Henry Hub in Europe – Gazproms magic kingdom of sunk cost simulations

The mother of all battles is on in the gas industry. Don’t see it yet? Then you must be living on Mars. Gazprom certainly sees it and is rushing out to warn everyone who wants to listen – and those who don’t – that there will be no price war for gas in Europe and that the US LNG bubble is just that – a bubble which is why there is not going to be a price war.

Let’s see how much substance Medvedev’s claims have.

So far, Gazprom did not have a lucky finger in predicting the future of European gas. They have clung on to oil links in their gas sales contracts like it was holy water on the way to hell when it was already clear to even the most mule-headed of all gas professionals that those clauses go the way of everything – they will be part of Europes energy history. No more.

They – Gazprom – also believed that they could control a market that has already liberalized – as if it was still a bunch of monopolies that did not care for economics – when they could clearly see what had happened in Noth America and the UK after liberalization.

Well, they are in for some more nasty surprises as what they call liberalization (oh yes, we call it that way too and we also have not seen nothing yet) is just a pale copy of what a really free market can do.

Got that figured, I guess ...

Got that figured, I guess …

Let’s get into the mind of a Russian (or European or indeed other oil and gas sellers) energy strategist for a while. They still believe that the world is a zero-sum game and that markets can be controlled not knowing that the very notion of control would kill anything deserving the term “real market”. A market for them is a bunch of willing subjects that will buy whatever they have at whatever price. “Want some?” was a valid marketing gig in the high price market. Gone.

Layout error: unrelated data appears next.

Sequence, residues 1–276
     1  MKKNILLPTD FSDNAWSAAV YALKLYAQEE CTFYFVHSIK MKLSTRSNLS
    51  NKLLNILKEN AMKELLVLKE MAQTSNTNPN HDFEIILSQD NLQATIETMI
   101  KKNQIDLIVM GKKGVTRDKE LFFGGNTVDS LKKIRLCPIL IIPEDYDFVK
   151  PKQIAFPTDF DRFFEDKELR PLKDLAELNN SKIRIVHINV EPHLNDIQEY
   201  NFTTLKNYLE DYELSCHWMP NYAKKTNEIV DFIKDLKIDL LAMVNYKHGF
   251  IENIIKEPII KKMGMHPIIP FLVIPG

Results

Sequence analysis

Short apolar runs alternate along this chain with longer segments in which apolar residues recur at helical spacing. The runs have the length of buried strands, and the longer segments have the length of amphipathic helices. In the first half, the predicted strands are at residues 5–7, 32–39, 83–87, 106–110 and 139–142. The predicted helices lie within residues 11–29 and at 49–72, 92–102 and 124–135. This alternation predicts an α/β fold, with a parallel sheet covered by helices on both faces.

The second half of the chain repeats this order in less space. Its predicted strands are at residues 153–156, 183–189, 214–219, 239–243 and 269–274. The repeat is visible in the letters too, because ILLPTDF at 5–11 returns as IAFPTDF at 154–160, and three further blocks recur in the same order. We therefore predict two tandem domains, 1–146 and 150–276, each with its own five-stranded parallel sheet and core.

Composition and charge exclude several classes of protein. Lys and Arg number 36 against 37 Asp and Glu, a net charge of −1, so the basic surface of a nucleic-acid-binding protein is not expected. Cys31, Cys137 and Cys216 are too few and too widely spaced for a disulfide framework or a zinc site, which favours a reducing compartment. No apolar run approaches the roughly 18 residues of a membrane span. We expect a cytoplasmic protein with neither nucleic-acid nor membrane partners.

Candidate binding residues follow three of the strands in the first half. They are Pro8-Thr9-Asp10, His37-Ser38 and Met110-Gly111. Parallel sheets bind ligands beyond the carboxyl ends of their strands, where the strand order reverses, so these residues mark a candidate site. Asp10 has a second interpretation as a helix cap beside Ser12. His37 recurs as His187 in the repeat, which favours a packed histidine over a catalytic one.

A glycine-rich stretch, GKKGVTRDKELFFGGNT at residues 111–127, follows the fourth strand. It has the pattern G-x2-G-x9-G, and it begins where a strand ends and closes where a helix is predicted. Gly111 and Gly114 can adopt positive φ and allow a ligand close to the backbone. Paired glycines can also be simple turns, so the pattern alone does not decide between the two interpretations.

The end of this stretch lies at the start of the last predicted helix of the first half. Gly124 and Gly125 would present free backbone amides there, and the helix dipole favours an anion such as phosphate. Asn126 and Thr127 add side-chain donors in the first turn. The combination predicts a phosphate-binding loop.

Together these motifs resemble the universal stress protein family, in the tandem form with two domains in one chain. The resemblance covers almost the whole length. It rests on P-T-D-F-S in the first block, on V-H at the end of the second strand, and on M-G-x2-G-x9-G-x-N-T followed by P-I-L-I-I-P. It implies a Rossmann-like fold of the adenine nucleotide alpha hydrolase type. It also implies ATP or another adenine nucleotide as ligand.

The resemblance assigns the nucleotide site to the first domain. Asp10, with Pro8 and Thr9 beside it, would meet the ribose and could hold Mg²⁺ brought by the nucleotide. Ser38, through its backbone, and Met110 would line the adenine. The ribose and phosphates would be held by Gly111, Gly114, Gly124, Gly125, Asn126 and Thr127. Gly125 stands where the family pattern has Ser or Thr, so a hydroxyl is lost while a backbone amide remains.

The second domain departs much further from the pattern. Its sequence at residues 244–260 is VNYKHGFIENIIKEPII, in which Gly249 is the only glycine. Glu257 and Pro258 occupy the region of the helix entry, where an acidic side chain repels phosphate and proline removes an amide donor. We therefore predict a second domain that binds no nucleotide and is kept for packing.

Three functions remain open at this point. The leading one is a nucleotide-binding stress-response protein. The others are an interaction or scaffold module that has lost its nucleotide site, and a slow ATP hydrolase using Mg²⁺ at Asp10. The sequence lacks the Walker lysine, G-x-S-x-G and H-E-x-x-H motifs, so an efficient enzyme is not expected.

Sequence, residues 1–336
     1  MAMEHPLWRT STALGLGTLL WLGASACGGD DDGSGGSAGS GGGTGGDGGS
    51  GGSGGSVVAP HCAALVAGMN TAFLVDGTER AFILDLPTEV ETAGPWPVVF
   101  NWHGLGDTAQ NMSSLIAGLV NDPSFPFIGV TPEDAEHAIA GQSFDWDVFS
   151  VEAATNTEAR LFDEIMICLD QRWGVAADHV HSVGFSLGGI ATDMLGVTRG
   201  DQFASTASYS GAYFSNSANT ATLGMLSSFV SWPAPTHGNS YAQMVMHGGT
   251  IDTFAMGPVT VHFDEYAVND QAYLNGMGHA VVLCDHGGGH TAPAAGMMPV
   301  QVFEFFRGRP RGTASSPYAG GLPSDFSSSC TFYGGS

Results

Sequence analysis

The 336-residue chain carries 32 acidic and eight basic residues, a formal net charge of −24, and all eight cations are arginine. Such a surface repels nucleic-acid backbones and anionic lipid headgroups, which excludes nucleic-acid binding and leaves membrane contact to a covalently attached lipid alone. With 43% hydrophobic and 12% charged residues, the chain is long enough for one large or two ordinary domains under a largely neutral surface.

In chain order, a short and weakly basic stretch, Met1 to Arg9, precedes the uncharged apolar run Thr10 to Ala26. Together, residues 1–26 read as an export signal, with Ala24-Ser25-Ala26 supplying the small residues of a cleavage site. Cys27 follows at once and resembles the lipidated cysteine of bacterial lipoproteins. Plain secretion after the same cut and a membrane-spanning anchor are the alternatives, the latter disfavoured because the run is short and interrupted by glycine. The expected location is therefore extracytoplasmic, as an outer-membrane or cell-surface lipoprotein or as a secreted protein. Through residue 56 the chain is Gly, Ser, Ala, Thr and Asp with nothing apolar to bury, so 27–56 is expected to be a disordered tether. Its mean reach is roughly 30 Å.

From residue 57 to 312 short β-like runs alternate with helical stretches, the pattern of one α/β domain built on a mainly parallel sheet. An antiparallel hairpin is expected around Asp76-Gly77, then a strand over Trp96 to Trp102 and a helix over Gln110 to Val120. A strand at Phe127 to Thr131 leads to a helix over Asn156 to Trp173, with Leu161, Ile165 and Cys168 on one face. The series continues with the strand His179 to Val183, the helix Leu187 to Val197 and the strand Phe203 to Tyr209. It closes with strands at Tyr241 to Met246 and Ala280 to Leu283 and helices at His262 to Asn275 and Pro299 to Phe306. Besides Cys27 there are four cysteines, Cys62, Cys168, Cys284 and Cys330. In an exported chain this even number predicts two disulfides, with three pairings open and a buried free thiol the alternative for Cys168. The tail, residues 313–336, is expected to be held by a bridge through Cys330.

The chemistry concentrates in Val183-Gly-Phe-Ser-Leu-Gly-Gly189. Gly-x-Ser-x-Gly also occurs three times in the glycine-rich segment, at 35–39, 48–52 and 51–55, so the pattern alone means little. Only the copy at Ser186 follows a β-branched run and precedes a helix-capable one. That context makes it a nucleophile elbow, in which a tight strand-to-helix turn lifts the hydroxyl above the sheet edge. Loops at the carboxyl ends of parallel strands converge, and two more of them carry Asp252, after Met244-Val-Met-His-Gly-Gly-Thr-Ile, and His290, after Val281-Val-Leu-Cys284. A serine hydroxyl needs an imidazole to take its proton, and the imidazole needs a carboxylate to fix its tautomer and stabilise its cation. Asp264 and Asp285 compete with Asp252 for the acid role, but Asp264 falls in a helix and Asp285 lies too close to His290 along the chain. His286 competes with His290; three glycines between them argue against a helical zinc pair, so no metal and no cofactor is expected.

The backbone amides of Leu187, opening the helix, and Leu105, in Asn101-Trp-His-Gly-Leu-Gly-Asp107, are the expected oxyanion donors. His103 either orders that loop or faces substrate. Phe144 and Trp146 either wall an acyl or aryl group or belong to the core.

They also believe, that humans usually behave rationally and that past behavior of consumers or societies is a good guide for future behavior. radical change makes them blush.

The inherent chaos of a truly free market gives them jitters because – in the end, they have decided to go into energy because this world still seemed insulated from this free market fickleness. It all boils down to reserve-numbers and plant-metrics and capacity-values and pipe-dimensions and …

You get the picture? It’s like a general, moving troops and counting that numbers will win him the day – eventually. If there is a shortfall in something, just put the numbers in and that’s it and if you do it alright – you can plan it all many years in advance.

The last couple of years should have taught us that hogwash never really works except of course if you kill the market and install those sweet monopolies again. However, even then it does not really work but the monopoly has many ways to cover those malfunctions up. Consumers must always pay, regardless of what happens – they have no choice. And producers don’t have to worry about the wishes of those consumers anymore.

That’s different now. We have a choice and some of us use it.

Back to LNG from the US. Those plants have been built at very high cost and in the current market environment, they won’t be able to recover them right now. In a sense, common wisdom should dictate that as they cannot possibly produce at prices the market will be willing to pay, they should mothball the facilities and wait for better times. Except that …

Part of the cost they suffer is the money they sunk in order to build the plant in the first place. This sunk money – or sunk cost if you like it that way – is gone, as no matter what you do, you have disbursed it regardless. This is also true if you have not yet paid but you have an obligation that is so firm that you cannot possibly think of wiggling out of it.